I’m not throwing that out there to be funny or snarky. It just happens to be the truth. There are two different sets of standards for everyone in public life: Republicans and everyone else. And you know as well as I do, that people who play on the edges, go outside of the boundaries, and appear to get away with it, are big stars. We know that there is no shame anymore that attaches or associates itself to what in years gone by would have been embarrassing or humiliating.

It’s just a different world now, particularly in the world of celebrity and stardom. But there may be something that contradicts that, and I didn’t remember to calculate this when I offered this theory in the first hour. The reason this may not play out that way, is to examine just how big pro football has become in our culture. How big it is is being demonstrated by the amount of attention this is getting from virtually every kind of media there is. It could well be…

You know, I asked yesterday: “Wouldn’t it be great if people got as upset over the Constitution being lied about, or leaders playing dumb and making things up, not admitting things when everyone knows they’ve done something wrong. Wouldn’t it be great if people held politicians as accountable as they want to hold sports people to here? And therein lies what could happen here. I’ve had to reexamine my own theory.

It could well be that sports has become so big and so important to people that maybe there will not be the usual tolerance for skirting the edges. Maybe if it is ever learned how this happened, maybe whoever did it will suffer, because people do take this seriously. Be that good or bad. Because this does matter to them. It’s the integrity of their game. You have a lot of people playing fantasy football. You have a lot of people betting this game.

You have a lot of people investing time and passion into this game. If they learn — if they figure out, if it is said convincingly to them — that there’s a lot of cheating going on or playing around the edges, then it could well be that they will get mad at this. Only time will tell. But it seems to me that the last thing that the NFL wants to do is to have to punish anybody before a week from Sunday. Right now, this is a wave, and you ride this thing all the way to Super Bowl Sunday.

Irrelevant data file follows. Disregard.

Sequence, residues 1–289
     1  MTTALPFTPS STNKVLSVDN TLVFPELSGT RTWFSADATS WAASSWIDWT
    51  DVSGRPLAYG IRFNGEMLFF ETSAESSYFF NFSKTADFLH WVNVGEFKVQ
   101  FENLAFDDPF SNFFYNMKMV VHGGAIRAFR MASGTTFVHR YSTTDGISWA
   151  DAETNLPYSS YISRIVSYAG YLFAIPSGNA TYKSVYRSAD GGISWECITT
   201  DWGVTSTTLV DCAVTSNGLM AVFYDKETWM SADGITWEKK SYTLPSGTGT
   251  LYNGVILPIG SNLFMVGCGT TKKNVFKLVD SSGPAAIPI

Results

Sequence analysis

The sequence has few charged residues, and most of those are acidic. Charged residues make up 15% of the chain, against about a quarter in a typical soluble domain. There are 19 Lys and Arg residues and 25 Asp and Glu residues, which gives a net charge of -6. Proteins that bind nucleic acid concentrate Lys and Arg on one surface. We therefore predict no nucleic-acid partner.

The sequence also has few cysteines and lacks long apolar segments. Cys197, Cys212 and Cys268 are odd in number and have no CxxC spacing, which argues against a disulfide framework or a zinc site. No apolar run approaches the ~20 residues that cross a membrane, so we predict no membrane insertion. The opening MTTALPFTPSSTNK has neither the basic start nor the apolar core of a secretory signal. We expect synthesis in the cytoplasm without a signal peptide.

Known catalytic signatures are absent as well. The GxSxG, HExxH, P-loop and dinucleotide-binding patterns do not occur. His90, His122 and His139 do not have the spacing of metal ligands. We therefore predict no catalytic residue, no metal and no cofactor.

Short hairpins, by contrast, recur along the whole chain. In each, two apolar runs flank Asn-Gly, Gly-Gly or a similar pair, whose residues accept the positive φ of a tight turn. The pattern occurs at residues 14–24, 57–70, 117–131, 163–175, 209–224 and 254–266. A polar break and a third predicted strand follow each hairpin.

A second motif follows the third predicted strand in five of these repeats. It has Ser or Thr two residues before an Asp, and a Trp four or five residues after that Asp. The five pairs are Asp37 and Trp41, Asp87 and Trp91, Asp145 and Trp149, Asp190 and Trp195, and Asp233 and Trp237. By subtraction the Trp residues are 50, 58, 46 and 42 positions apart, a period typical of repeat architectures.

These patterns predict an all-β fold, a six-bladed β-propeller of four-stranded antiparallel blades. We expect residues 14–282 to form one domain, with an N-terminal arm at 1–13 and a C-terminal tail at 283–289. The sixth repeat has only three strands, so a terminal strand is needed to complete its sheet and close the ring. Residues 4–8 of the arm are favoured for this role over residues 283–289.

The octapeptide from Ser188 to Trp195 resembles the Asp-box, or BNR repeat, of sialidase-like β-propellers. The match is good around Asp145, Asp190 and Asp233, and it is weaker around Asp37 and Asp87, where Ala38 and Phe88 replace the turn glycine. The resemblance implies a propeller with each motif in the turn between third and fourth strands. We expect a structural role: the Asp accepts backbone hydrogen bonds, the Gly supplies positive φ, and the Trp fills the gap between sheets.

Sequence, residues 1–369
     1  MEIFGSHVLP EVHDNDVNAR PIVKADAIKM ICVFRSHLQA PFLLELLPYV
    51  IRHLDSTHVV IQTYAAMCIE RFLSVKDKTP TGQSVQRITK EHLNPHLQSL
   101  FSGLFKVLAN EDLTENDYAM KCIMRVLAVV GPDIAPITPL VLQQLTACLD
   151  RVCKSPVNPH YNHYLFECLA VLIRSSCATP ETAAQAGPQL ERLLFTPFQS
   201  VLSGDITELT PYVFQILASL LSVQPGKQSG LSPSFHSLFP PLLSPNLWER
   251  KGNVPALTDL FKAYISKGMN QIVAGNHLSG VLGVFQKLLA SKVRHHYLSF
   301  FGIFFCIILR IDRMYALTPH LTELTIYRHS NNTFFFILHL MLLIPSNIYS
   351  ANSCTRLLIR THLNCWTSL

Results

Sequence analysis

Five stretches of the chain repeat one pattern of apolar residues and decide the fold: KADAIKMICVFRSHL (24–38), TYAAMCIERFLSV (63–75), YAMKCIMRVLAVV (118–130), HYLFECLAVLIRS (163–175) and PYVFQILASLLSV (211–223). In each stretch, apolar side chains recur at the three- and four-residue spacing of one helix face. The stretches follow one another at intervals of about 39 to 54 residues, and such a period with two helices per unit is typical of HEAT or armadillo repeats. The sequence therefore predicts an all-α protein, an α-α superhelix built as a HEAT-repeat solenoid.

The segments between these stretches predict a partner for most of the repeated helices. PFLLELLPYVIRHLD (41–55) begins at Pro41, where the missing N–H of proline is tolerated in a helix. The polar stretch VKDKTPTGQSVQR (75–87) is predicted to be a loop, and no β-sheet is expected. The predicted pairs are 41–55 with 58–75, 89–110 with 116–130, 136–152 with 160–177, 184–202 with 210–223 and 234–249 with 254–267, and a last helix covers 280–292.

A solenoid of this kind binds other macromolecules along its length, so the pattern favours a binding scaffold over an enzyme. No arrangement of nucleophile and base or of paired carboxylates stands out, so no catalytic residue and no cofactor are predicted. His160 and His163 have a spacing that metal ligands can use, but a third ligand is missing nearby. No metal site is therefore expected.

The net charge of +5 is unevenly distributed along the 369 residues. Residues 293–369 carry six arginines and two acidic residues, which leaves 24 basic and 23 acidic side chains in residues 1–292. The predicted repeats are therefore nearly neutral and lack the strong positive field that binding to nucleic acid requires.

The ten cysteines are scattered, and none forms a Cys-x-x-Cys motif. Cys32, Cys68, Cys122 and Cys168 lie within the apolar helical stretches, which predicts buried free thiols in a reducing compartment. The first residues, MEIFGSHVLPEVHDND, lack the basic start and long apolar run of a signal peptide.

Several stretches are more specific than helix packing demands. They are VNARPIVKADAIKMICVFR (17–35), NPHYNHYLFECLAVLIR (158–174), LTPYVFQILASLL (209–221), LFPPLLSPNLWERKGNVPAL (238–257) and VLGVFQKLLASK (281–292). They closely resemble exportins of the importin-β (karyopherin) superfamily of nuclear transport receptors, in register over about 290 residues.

So you extend the investigation, maybe drop some hints out that you have this or that, but you need to keep working to close the loop on a couple of things. You ratchet up the interest even more. The teams arrive Sunday and Monday. When the teams get to Glendale/Phoenix, the whole dynamic starts changing because you have media access scheduled and required in the Super Bowl all week long, every day. There’s no way to really run from it without being fined a lot of money and being excoriated by the league.

And any number of things.

So the league has an opportunity for this to be the highest rated Super Bowl ever. The question is: “Would they mind if this game is the highest rated Super Bowl ever because people are going to watch to see if somebody can get away with cheating here?” Now, I don’t think the league is crazy about that. But let’s face it: Everybody knows those footballs were deflated. Everybody knows somebody did it, and everybody knows the beneficiary is the quarterback.

So every day that goes by that there’s no resolution, the investigation doesn’t end. No punishment. Then the Patriots arrive (on the heels of Spygate) as a team potentially on the brink of getting away with cheating again, and the level of interest that will create… I imagine we’ll have some creative signs in the stands on Sunday. We’re going to have all kinds of nice signs with football pumps, and hoses, and all kinds of depictions of what the Patriots might end up having happened to them with a football pump.

It will be very creative out there.

Media day next Tuesday will be off the charts.

Does the league want that? Does the league want any kind of hype? Doesn’t matter. Do they want the hype that comes with, “My God, one of the teams in the game may have cheated!” Do they want high tune-in factor, comprised of people gawking, tuning in to see, “Will they try it again in this game? Will they try to cheat again?” Who knows? But the minute they solve this, the minute they announce the end of the investigation and hand out the punishment, then they have killed the buzz and PR and all of the hype.

So I don’t think they’re going to do that before the game. Even if they found out what happened, I don’t think there will be punishment before the game because they don’t want the game to be played with one team not at full strength, not with the roster that got them there. So I wouldn’t expect anything like that to happen. But I watch these media types thinking they’ve got their Watergate here. There’s blood in the water, folks. I am shocked by the number of people — players, ex-players, media people — who see Tom Brady’s blood in the water and want it. It’s interesting.


RUSH: Do you think the NFL would rather have people talking about who let the air out of the footballs or would they rather have people talking about who beat up their wife? They’d rather have people talking about who let the air out of the footballs. You know what the NFL ought to do? They ought to right now cancel the halftime show and schedule the next press conference on this for halftime of the Super Bowl.

Now, I know it will never happen, but I’m here to help. I’m here to help with creative ideas. Maybe you let the halftime show go on for people inside the stadium, but the televised halftime show will be the next press conference announcing the status of the investigation, halftime in the game between the Patriots and the Seahawks.

By the way, I guarantee you, the Seahawks are sitting out there in Seattle fuming that no one is talking about them. Richard Sherman and his gang are trying to figure out, “Okay, what are we going to do to get us back in this discussion?” That’s another thing going on. Mark my words. Don’t doubt me.